Page:Kwaidan; Stories and Studies of Strange Things - Hearn - 1904.djvu/96

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Know, reverend Sir, that I am a jikininki[1], — an eater of human flesh. Have pity upon me, and suffer me to confess the secret fault by which I became reduced to this condition.

"A long, long time ago, I was a priest in this desolate region. There was no other priest for many leagues around. So, in that time, the bodies of the mountain-folk who died used to be brought here,— sometimes from great distances, — in order that I might repeat over them the holy service. But I repeated the service and performed the rites only as a matter of business;— I thought only of the food and the clothes that my sacred profession enabled me to gain. And because of this selfish impiety I was reborn, immediately after my death, into the state of a jikininki. Since then I have been obliged to feed upon the corpses of the people who die in this district: every one of them I must devour in the way that you saw last night. . . . Now, reverend Sir, let me beseech you to perform a Ségaki-service[2] for me: help me by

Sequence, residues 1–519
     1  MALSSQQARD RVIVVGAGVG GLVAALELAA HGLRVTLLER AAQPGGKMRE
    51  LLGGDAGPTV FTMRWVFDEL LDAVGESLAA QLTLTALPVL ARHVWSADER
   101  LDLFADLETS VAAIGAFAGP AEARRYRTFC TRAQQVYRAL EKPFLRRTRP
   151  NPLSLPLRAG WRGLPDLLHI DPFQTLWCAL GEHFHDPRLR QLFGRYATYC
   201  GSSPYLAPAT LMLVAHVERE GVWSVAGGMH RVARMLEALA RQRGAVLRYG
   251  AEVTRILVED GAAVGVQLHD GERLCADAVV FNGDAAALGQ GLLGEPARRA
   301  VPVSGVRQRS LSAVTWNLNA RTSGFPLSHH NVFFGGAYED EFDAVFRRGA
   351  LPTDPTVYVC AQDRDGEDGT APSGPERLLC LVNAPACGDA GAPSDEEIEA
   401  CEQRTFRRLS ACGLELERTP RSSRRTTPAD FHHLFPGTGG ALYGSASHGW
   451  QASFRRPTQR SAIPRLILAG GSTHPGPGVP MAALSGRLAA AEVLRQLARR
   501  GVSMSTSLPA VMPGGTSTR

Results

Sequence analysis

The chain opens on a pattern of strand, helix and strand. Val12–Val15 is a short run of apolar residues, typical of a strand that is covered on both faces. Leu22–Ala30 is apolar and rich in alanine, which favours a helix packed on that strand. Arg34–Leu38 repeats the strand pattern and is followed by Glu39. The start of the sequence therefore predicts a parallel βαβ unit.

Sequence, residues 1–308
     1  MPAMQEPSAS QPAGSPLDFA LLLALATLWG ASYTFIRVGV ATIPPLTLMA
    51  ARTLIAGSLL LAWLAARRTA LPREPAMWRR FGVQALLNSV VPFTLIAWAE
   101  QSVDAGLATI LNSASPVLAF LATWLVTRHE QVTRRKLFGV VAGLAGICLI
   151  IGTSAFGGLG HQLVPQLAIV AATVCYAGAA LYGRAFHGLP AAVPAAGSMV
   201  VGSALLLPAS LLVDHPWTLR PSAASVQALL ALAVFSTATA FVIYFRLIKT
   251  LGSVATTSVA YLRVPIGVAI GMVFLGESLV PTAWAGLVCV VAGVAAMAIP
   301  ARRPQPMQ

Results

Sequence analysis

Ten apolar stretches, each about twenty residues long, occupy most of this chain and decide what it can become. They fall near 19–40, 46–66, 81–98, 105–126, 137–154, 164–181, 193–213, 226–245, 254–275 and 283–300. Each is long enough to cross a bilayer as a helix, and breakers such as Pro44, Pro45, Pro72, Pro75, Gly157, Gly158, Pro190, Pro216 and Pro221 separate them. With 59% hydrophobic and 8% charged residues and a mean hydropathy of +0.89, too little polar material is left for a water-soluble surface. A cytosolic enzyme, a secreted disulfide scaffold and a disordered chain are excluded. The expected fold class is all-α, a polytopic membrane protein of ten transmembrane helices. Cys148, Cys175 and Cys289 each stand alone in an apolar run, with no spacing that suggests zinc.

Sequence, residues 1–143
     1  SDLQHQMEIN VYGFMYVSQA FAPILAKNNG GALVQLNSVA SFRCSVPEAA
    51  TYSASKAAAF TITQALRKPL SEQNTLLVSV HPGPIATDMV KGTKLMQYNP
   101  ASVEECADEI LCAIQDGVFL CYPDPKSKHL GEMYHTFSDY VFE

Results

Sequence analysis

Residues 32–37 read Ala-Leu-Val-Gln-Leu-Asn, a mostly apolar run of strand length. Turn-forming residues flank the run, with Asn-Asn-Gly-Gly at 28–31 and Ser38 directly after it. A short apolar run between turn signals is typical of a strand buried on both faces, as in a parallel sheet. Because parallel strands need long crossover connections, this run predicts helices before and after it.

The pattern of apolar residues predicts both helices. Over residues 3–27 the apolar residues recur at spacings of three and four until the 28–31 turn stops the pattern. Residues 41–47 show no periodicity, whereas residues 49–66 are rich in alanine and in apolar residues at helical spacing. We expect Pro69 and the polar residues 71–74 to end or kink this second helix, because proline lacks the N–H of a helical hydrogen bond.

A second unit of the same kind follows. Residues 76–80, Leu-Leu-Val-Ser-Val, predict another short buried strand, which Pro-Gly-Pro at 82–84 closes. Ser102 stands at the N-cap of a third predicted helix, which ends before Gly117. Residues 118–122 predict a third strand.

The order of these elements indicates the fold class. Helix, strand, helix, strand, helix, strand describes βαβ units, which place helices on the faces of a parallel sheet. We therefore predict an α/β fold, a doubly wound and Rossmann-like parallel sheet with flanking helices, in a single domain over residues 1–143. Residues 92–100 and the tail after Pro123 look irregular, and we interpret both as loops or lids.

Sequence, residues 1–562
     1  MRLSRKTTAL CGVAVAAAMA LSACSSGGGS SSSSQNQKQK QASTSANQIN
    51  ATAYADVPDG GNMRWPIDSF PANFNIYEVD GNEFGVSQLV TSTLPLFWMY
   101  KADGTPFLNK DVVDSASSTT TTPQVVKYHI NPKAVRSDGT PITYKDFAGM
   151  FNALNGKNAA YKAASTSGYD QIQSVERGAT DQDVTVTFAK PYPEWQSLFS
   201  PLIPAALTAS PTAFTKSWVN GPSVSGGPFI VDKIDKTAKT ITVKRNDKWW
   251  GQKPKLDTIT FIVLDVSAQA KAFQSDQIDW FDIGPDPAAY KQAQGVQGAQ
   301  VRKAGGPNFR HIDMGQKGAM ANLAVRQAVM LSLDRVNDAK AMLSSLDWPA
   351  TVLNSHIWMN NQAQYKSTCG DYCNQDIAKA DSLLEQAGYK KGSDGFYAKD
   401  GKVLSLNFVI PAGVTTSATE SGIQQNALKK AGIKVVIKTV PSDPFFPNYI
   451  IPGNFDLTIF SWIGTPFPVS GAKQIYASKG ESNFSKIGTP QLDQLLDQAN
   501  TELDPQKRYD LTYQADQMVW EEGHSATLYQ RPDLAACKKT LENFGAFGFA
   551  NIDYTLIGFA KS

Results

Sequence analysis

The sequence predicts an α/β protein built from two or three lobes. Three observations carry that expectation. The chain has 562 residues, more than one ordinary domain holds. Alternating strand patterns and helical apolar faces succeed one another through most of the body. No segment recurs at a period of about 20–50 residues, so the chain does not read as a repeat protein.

1. Literally, a man-eating goblin. The Japanese narrator gives also the Sanscrit term, “Râkshasa;” but this word is quite as vague as jikininki, since there are many kinds of Râkshasas. Apparently the word jikininki signifies here one of the Baramon-Rasetsu-Gaki,—forming the twenty-sixth class of pretas enumerated in the old Buddhist books.
  2. A Ségaki-service is a special Buddhist service performed on behalf of beings supposed to have entered into the con-